I add a dash of vanilla and a sprinkle of cinnamon to my standard boxed pancake batter. Then I substitute melted butter for vegetable oil. This creates rich batter for your cakes.
I reserve about twenty blueberries from a pint. The rest I place into a deep saucepan. Pour maple syrup over the berries and simmer on low until the berries break down. Be careful, the berry syrup can bubble up if you’re not watching. Turn off the heat so that the syrup cools down a bit.
Make the pancakes as you normally would, but place a few of the reserved berries onto each one before you flip it over. Stack the blueberry pancakes on a plate. Top with a dollop of butter and ladle warm berry syrup over the top. The cakes absorb the berrieness from inside and out! It’s a treat.
As you might imagine, I can find myself with a bunch of leftover berries. These, I freeze and use to make smoothies and sauces. My lemon cake is the perfect foil for an easy berry sauce.
Glazed Lemon Cake With Very Berry Sauce
30-Minute Cuisine, Plus 1 Hour Baking
This lemony cake with berry sauce is just puckerable enough to make it into the lip smackin’ category.
1 ½ cup unbleached all-purpose flour
½ teaspoon baking powder
½ teaspoon kosher salt
¾ cup butter, 1 ½ sticks, room temperature
1 cup granulated sugar
3 large eggs
¼ cup sour cream
Zest from 2 lemons, about 2 tablespoons
Juice from 2 lemons, about ¼ cup
1 teaspoon vanilla extract
1 cup confectioners’ sugar
Juice from 1 lemon, about 2 tablespoons
1 tablespoon cream
½ teaspoon vanilla extract
4 cups assorted berries (I used frozen left-over berries)
½ cup granulated sugar
Preheat the oven to 350°. Lightly coat a 9” x 5” loaf pan with vegetable oil spray. Fit a piece of parchment paper into the pan with some of the sheets overlapping so that you can use the paper to remove the cake after baking. Then spray the paper.
Whisk together the flour, baking powder and salt.
Use an electric mixer to combine the butter and 1 cup sugar until creamy and smooth. Stir in the eggs, one at a time. Stir in the lemon zest and juice from 2 lemons, sour cream, and vanilla. Add the flour about ½ cup at a time, until the batter is just mixed together. Pour the batter into the loaf pan. Bake until a tester inserted into the center of the cake comes out clean, about 45 to 60 minutes. Cool the pan on the rack for 30 minutes, then transfer the cake from the pan to the rack to cool completely.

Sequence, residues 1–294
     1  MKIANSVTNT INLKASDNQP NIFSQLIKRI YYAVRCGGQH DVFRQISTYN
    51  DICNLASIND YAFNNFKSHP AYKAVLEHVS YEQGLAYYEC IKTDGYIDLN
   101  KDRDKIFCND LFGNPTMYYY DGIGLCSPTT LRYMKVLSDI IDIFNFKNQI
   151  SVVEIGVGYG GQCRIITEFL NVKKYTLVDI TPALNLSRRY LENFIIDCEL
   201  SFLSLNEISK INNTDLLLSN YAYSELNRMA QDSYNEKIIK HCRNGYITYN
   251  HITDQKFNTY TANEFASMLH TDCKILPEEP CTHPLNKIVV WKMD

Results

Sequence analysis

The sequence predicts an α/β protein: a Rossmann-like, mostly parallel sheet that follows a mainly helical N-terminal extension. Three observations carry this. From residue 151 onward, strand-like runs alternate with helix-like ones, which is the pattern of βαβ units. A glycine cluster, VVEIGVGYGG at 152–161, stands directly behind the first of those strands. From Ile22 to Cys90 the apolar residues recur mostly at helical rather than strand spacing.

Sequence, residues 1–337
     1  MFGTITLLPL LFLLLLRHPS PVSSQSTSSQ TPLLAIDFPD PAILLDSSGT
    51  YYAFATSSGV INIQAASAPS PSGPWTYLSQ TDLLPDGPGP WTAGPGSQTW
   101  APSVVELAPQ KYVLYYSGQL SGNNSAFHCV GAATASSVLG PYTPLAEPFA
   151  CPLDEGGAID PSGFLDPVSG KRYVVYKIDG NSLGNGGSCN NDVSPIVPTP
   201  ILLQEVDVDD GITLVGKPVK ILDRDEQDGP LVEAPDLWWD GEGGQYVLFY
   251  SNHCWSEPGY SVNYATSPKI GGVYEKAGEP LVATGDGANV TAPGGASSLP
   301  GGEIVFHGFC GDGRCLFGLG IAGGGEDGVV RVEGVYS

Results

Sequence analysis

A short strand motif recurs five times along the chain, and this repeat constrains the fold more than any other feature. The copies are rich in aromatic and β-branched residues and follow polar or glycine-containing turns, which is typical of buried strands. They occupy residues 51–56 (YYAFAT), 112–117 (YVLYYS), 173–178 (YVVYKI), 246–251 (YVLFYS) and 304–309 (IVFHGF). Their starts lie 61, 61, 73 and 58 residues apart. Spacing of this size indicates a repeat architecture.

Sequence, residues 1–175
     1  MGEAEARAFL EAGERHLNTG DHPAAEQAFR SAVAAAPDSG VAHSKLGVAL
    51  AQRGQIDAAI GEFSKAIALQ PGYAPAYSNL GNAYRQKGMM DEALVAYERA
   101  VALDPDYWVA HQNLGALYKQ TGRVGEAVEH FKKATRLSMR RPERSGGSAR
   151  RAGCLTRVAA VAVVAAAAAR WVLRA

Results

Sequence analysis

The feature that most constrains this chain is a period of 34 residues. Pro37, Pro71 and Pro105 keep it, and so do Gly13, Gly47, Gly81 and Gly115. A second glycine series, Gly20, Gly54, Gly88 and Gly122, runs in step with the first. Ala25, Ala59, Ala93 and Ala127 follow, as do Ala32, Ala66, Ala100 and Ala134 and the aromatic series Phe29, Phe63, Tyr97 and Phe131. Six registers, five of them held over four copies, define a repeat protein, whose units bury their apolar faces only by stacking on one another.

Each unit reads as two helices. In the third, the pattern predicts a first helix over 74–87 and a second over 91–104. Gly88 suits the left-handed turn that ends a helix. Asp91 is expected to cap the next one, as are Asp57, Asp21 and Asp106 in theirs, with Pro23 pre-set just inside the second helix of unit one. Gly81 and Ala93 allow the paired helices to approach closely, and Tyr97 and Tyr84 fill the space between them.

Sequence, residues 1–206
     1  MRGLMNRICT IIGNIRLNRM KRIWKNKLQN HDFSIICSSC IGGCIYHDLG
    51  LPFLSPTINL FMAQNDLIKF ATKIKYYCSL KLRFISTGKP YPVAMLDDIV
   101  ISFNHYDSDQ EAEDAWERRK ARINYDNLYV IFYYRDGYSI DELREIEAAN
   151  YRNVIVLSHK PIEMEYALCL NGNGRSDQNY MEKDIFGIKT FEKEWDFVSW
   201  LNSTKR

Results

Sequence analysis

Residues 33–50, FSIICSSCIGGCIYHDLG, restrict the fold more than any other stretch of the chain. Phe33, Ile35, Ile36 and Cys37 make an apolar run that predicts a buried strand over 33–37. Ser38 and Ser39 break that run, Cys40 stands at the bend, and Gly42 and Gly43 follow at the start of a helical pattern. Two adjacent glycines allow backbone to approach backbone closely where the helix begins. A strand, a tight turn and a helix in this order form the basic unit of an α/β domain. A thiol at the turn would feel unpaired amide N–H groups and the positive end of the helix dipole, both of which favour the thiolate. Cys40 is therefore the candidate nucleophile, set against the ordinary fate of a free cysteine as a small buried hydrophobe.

While the cake cools, stir together the confectioners’ sugar, juice from 1 lemon, cream, and vanilla. The glaze will be thick, but pourable. Place the cake onto your serving platter. Pour the glaze over top.
Place the berries and ½ cup sugar into a deep saucepan and simmer over medium-low heat. Cook the berries until they break down and are soft and mushy. Cool to room temperature. Place a colander into a larger bowl. Push the berries through the colander, using the potato masher. You want most of the pulp and seeds to stay in the colander. Transfer what’s left in the bowl to a small pitcher.
Drizzle the sauce onto a plate. Top with a slice of cake and a few extra berries for garnish.
Best Cherry Tart Recipe
I have a thing with cherries. I love cherry pie, cherry jam, cherry chutney. Just eating freshly pitted cherries with grandson, Ben, is a blast. He loves the pitting!
On the flip side, I deeply dislike canned cherry pie filling; Don’t get me started!
So, I came up with a way to satisfy my cherry pie craving, using fresh cherries and time-saving refrigerated puff pastry dough. It’s easy and delish!
Makes about 20 palm-sized tarts
These little tarts are best warm from the oven. You can make them and freeze them and bake them off when you’re ready for a treat!
1 tablespoon coarse sugar (I used raspberry flavored coarse sugar)
Place the cherries into a deep saucepan. Add the sugar and splash in about 2 tablespoons of water. Heat the cherries over medium heat until they begin to breakdown and the sugar dissolves, about 5 to 8 minutes.